Friday, November 11, 2016

Reflection: Veterans Day 2016

Each year on or around Veterans Day (and many other holidays) I like to pause to reflect on the day--its meaning and how and why the day is observed in our culture. Since the advent of social media, Veterans Day in particular becomes a day for a collective pause. I see updated profile photos of many of my friends as they take time to remember with pride their own time of service and the people they had the opportunity to serve with. Families take time to remember and honor their relatives who made commitments of service to this country. For those who have retired, who are no longer alive, and for those who are still serving, the rest of the nation turns its eyes, thoughts, and attention to the incredible acts of service of these men and women.

Over the course of my adult life, I have had the privilege of serving in various roles with and learning from many veterans. First and foremost would likely be my Uncle Bill. who served in the Army long before I was ever born. My Uncle Bill has always demonstrated the value of serving others first. He and his late wife always practiced hospitality and generosity when we would visit his house, and even today, I know that none of his family or friends ever lack when their is a need. When I go back home, I always strive to make time to visit him and listen to the amazing stories of service and witness the example of this 82 year old relative.

In addition to Uncle Bill, another veteran I had the privilege of learning from and being mentored by was the late Chief of my tribe, Joseph Raincrow Neale. Okima (which I always called him out of respect). He served in the US Navy during WWII, and was not only an incredible spiritual leader and mentor, but was a wonderful role model with regard to service, discipline, respect, and honor. He was hard but fair, stern but compassionate, and resolute but gracious. He taught me much about what it means to give of one's self and to never relent when it comes to hard work. He also demonstrated one of the most wonderful relationships with Jesus that I had ever seen. He set the standard for what it means to be a human being. He was a real human being.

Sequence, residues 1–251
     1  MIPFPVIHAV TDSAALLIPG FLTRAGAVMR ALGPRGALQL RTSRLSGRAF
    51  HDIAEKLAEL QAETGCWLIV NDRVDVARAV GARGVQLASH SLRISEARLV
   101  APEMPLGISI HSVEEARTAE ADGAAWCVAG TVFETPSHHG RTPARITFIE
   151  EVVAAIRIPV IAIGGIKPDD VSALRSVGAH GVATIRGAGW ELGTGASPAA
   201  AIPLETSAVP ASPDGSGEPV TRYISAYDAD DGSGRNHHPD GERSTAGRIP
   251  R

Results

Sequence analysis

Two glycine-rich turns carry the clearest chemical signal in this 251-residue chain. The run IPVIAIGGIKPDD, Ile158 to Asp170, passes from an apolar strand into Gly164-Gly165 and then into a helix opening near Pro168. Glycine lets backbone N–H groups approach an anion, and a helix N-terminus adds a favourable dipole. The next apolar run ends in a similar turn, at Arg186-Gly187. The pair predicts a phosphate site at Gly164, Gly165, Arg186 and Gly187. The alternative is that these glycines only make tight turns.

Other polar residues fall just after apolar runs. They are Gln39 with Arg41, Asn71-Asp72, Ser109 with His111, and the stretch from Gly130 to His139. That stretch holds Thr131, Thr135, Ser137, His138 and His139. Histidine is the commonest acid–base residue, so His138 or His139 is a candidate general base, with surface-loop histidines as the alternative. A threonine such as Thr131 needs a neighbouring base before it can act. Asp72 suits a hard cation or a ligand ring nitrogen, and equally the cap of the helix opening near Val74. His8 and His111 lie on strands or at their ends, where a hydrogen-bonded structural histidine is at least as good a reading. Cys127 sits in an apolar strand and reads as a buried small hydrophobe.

And over the last ten years or so I've had the privilege of working directly with a friend of mine from my freshman year of college, a fellow West Virginian, who felt a strong call to serve, transferred from WVU to the United States Naval Academy, and served as a Force Reconnaissance Marine before launching an organization dedicated to eradicating extreme poverty and making this world more stable and safe for everyone, Nuru International. Jake has done an incredible job of bringing together a team from both the civilian and veteran community who are fiercely committed to servant leadership and bringing meaningful choices to our global neighbors.

Across every area of my life, I have had the privilege of rubbing shoulders with a number of veteran men and women, and I am constantly impressed with the discipline, courage, commitment, and tenacity that each one of them continues to bring into their daily lives. Whether it is my friend Marta who recently transitioned out and is looking for new opportunities to serve, my friend Raphael who is steadily reminding fellow Americans that their citizenship demands service, or my friend Matt who works two jobs to support his family and provide a future of hard fought freedom for his children, they each continue to bring a steadfast and resilient commitment to service and overcoming challenges into every area of their life--and exhorting others to do the same.

On Veterans Day, we remember the fallen, those who are still down range, and those who have transitioned into so-called 'normal' life. Businesses and individuals offer their thanks for service and applause for sacrifices that only a small percentage are willing and able to make, but I wonder if there is a stronger and more meaningful gesture. What if more of this world operated by a code of honor? What if more men and women chose to live their lives with an others first mentality? What if we chose sacrifice-over self indulgence? What if we chose to emulate the example of those few who have set aside their own comfort for the sake of their fellow humans? To me, I feel like that would be the best gesture of gratitude that could be bestowed upon those who have served, those who have fallen, and those who are still down range.

May we each aspire to live courageous lives of sacrifice, service, courage, and commitment, and may we demonstrate honor and respect as we seek to build a better world, together. 

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